It’s important to note that Williams didn’t win the championship in 2004 – notching a single victory conveniently at the circuit I was testing at within rFactor 2 – but if this was how the car really drove back in the day (or somewhere in the ballpark), Juan Pablo must have been the worst driver in the paddock; MAK-Corp have built something that basic lap times and speed charts show could have run circles around the competition both literally and figuratively. That just doesn’t seem right.
The more I pushed for a quicker time to feed my own ego, the more flaws I discovered, sometimes accidentally. I could rapid-fire downshift in a way that has since been patched in other modern simulators, abusing the technique to slow down the car in such a severe fashion that the engine sound would actually cut out entirely – the underlying isiMotor audio calculations unable to produce an RPM range that high thanks to me ripping through the entire gearbox in half a second. And as you can see in the screenshot above, the car had such enormous lateral grip, replays demonstrated the physical rubber flexing in ways that appeared the tire itself would separate from the rim. Brief Google searches have not brought up anything close to the sidewall flex exhibited by what MAK-Corp’s car does, and on-board footage from both Juan Montoya and Ralf Schumacher did not convey the feeling of playing an outdated PS2 game which grossly exaggerated the performance of an F1 car from 2004 as MAK-Corp’s FW26 did.
I mean, as much as I’m trying to be objective here, it was as if I loaded up one of the very first EA Sports F1 games from right when Sony’s PlayStation 2 first hit the market, except I clearly wasn’t. I was playing one of the most advanced racing simulators of our time, using a car created by a team that rFactor 2 owners parade around as one of the last great mod groups – sometimes relentlessly spamming their praise of the rFactor 2 physics engine on message boards far and wide.
At this point you’re probably wondering what kind of lap times I pulled at Interlagos with this ridiculous beast of a car, considering I have a very real habit of waving my dick around during these kinds of articles and posting my leaderboard times to brag to the rest of the sim community in a not-so-subtle fashion. In this instance, the leaderboard times will still be posted, but they serve a very different purpose – they highlight just how poor of a job MAK-Corp have done on the Williams FW26. Juan Montoya set the Interlagos track record during the 2004 Brazilian Grand Prix with a 71.4 second lap time in his real world FW26, but during my offline session in rFactor 2, with barely any rubber on the track and a general sense of unfamiliarity with where the limit of grip is in a modern era Formula One entry, I clocked in at a blistering 62.9, exactly eight and a half seconds faster than what was actually achieved in this race car, and seven seconds faster than Rubens Barrichello’s Ferrari in qualifying trim.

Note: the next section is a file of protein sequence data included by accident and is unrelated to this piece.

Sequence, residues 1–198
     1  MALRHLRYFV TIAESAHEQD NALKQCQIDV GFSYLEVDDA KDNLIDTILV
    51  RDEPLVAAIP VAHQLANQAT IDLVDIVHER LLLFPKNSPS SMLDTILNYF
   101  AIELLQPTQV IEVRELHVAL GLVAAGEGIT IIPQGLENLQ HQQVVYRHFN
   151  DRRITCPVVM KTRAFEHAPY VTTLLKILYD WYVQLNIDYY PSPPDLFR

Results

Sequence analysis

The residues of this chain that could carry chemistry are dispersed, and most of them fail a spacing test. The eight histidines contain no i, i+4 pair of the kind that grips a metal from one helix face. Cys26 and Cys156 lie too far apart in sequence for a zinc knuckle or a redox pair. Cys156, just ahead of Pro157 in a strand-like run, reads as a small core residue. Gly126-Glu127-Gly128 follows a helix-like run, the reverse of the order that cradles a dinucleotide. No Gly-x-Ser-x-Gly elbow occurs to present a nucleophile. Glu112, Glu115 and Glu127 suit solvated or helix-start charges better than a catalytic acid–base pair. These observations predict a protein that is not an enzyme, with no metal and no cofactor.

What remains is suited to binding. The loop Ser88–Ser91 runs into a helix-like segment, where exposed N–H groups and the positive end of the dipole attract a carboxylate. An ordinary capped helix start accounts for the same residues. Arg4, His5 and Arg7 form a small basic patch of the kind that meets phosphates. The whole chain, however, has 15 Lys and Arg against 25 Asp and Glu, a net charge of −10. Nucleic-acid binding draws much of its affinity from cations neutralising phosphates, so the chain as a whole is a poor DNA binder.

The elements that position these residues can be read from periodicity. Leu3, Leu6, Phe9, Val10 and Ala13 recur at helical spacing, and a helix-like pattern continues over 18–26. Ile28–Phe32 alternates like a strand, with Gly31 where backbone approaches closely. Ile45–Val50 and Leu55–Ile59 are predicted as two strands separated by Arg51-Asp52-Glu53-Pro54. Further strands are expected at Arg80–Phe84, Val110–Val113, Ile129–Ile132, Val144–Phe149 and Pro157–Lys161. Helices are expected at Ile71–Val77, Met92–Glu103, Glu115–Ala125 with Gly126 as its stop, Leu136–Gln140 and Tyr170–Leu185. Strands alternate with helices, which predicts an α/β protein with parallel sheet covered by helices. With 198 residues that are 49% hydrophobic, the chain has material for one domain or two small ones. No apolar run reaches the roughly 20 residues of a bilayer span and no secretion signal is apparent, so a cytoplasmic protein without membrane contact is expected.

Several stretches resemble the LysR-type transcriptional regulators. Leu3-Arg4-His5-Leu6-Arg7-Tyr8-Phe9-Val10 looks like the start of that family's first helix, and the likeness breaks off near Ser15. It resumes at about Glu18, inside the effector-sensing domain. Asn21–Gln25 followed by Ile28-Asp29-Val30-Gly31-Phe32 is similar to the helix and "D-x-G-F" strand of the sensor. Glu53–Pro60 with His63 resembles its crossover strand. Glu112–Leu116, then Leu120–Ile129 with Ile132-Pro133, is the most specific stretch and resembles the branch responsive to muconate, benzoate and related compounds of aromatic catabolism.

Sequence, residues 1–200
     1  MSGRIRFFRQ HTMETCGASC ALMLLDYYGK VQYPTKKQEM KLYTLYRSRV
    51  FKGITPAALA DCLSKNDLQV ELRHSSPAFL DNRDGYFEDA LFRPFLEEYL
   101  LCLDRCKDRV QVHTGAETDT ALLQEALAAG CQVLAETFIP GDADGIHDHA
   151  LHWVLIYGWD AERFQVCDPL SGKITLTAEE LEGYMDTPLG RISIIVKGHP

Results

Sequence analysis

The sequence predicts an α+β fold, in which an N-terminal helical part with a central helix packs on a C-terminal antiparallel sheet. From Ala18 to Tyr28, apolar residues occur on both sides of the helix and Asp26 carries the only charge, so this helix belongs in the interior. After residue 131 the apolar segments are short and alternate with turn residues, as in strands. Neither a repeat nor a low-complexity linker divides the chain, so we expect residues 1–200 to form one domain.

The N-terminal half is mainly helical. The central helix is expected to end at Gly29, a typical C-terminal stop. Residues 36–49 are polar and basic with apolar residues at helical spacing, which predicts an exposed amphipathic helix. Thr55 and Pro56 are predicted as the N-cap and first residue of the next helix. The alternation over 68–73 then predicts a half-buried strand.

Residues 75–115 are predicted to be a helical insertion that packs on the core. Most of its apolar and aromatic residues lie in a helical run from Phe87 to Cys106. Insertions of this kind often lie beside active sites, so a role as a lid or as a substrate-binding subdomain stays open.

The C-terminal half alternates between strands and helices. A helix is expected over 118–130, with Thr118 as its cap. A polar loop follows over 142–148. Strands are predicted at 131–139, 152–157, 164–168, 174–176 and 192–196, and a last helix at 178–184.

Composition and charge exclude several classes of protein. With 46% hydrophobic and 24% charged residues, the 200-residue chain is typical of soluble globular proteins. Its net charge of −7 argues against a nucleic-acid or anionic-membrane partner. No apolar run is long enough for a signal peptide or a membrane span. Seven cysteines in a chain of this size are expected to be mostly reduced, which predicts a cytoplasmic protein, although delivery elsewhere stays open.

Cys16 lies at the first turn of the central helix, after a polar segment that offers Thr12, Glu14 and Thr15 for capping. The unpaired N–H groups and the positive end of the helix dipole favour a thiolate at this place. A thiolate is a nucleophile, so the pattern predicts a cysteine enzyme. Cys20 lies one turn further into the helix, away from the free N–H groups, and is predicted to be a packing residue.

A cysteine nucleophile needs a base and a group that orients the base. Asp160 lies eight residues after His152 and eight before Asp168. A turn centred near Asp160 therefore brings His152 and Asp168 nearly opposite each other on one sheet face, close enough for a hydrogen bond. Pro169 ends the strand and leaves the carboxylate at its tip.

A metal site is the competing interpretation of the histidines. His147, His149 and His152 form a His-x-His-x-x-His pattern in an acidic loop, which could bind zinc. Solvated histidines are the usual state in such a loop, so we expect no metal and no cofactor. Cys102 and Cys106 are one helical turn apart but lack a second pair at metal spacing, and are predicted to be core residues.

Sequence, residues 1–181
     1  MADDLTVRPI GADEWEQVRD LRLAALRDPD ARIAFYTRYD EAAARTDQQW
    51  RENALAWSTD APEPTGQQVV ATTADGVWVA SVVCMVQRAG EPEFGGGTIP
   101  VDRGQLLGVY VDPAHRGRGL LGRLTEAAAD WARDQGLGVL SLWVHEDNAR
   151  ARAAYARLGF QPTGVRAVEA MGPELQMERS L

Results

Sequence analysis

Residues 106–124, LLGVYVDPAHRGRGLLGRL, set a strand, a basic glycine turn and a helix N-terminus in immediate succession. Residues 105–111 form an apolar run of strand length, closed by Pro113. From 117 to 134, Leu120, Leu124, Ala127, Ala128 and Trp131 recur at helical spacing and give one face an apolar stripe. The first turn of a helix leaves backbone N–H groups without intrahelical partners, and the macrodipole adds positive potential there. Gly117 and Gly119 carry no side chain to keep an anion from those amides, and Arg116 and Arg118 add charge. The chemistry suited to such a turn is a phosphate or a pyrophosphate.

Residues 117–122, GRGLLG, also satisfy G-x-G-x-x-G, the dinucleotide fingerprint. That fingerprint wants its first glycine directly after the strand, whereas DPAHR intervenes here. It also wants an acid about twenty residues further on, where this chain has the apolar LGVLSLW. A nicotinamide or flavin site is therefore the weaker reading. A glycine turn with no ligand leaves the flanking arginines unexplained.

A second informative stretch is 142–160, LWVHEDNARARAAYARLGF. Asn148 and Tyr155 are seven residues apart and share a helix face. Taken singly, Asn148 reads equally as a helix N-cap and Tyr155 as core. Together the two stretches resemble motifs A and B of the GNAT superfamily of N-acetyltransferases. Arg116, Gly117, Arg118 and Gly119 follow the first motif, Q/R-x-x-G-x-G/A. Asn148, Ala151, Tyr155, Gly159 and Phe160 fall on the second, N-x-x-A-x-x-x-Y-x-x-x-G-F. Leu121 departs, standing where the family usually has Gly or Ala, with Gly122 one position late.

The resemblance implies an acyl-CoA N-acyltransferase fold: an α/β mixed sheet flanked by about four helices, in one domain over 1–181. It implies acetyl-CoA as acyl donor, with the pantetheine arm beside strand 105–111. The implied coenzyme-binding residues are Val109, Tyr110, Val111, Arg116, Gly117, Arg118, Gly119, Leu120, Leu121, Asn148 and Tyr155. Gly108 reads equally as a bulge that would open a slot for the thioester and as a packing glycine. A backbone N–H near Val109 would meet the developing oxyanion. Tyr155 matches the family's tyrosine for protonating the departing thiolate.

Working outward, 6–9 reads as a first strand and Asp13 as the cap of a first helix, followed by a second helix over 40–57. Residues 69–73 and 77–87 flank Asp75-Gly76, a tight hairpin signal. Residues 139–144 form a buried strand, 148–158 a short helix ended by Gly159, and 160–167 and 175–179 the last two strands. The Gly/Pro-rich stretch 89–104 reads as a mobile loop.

I understand there’s usually a second or two difference between a hardcore racing simulator and reality thanks to being parked comfortably in front of your PC monitor rather than screaming around inches away from concrete barriers, but to clock in at eight and a half seconds faster than what the real thing was capable of is simply not realistic in the slightest – especially if you make the preposterous claims – as MAK-Corp have – that your car has been built with real data and is intending to accurately reproduce the performance of a 2004 Williams FW26 for the most hardcore racing simulator available on the market.
Not only were the lap times and trap speeds horribly awry when compared to Juan Montoya’s victory in the 2004 Brazilian Grand Prix, the G-Force meter told an absolutely hilarious story; had the FW26 existed in real life with the performance figures of MAK-Corp’s rendition, Juan Montoya would be unable to complete his outlap before pulling into the garage area complaining of fatigue. Formula One cars of the 2004 season could pull as much as 4 G’s under heavy braking or high speed corners, but the MAK-Corp fairy-tale version could reach as much as 7 G’s on multiple sections of the circuit. You do not need to be Ralf Schumacher, Juan Montoya, or a Williams F1 engineer to know that this is clearly not how a 2004 Williams FW26 handled at competition speeds.